Duncan Lewis


Asylum, Detention/ Fast Track

Managed Migration, Public Law

A report says that rising culture of compensation was damaging the health and education sectors

Date: (10 September 2012)    |    

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According to a report by the think tank Centre for Policy Studies, Britain’s escalating compensation culture was bleeding the health and education services dry.
The report was critical about the increasing number of legal claims against the NHS and schools after accidents or mistakes was the reason behind the poor quality of services rather than improving the safety and accountability.
It said the litigation culture was ingrained in the national psyche as a distorted form of normal behaviour.
It had the undermining factor affecting the roles of doctors and teachers and was preventing them from doing their jobs properly it claimed.
A huge amount of time and money in the NHS and education was spent dealing with such claims.
The NHS Litigation Authority (NHSLA), which deals with legal action taken against the health service, estimates it now has liabilities of £16.8?billion, which is equivalent to 16 per cent of the annual healthcare budget.
The report says that it is a spectacular own goal as the money must eventually come from the taxpayer.
One of the report’s authors, Professor Frank Furedi, from the University of Kent, said demanding recompense for accidents was now perceived not only as a commonsense way of gaining financial compensation, but as a way of holding public services to account. This was taking its toll by bleeding the health and education sectors dry both in financial terms as well as their public sector ethos and professional role.

Prof Furedi added that the increasing fear of litigation was also extremely damaging to the professionalism of doctors, nurses and teachers. It erodes professional autonomy, throttled improvement, leadin to defensive practices in both hospitals and schools and encourages greater bureaucracy.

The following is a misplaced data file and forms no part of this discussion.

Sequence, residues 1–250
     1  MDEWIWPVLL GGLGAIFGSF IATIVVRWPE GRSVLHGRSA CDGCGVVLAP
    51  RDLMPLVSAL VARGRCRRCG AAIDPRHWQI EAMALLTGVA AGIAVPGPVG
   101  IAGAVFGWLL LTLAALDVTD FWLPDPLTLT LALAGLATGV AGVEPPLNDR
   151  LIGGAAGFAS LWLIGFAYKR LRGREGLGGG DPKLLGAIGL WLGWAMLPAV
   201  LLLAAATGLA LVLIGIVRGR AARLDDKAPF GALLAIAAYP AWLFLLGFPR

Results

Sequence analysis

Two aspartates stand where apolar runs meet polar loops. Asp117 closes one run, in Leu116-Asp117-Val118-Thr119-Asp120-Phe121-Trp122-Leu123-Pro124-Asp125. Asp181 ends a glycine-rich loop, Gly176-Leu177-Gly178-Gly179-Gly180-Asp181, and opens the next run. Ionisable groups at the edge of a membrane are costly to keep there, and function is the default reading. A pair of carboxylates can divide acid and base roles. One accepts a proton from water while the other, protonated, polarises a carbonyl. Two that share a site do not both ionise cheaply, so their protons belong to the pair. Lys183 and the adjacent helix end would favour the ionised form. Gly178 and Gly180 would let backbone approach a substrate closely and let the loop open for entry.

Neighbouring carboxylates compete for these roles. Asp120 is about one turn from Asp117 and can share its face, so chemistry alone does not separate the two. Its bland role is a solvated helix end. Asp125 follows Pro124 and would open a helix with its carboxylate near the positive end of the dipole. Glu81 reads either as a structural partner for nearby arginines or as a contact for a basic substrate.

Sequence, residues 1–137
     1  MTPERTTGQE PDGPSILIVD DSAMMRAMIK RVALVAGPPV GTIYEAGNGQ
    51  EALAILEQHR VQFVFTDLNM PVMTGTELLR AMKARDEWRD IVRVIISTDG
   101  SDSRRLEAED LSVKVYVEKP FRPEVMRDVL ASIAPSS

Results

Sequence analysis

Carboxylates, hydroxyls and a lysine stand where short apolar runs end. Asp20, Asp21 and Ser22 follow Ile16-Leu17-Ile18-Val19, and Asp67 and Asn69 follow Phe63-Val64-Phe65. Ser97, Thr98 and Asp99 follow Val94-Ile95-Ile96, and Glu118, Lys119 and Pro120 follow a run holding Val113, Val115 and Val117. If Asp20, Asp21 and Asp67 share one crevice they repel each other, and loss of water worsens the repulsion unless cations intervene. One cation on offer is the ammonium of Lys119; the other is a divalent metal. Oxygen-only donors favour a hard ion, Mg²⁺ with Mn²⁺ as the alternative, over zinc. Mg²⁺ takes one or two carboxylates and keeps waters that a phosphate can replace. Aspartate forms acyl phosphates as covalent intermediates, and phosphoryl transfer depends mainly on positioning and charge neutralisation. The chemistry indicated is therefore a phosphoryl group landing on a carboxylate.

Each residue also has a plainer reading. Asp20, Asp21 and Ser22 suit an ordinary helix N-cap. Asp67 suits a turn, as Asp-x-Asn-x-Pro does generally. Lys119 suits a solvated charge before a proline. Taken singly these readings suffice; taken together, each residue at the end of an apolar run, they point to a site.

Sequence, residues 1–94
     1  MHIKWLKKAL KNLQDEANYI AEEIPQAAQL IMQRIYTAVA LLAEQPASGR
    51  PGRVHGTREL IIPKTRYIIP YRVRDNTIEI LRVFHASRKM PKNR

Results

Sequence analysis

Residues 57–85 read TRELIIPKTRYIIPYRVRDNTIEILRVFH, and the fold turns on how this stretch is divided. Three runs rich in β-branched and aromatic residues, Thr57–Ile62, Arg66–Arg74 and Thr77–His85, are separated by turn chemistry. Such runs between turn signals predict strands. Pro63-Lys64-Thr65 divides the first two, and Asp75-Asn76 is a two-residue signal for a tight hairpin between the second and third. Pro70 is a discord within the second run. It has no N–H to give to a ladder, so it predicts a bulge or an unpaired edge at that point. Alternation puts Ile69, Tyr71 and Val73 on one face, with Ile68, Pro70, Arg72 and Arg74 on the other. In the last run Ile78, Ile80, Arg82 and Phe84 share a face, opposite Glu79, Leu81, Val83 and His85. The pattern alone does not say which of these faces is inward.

One GP who contributed to the study, who has practised in London for 25 years, said the compensation culture encouraged a ‘defensive form of practice’ where treatment was given not because of what was in the patients’ best interests, but to cover the doctor’s back.

He said doctors often referred patients to hospital for investigation just in case they sued if it turned out they had cancer and the diagnosis was delayed. This ends up costing the NHS more money because it means patients are often examined unnecessarily.

He also argued there was a ‘culture of complaint’ where patients wished for ‘less-than-perfect care’.

The problem was similarly acute in schools, according to the report. It reveals several cases where local councils have been forced to pay compensation to school pupils injured in its care, and says many schools will now not take pupils on trips in case they are sued if something goes wrong.

One council in Derbyshire paid out £40,000 after a pupil broke a leg on a school trip.

Tim Knox, director of the Centre for Policy Studies, said the rise in the compensation culture was creating a climate in which professionals were giving more importance to save their backs rather than thinking what was best for their pupils or patients.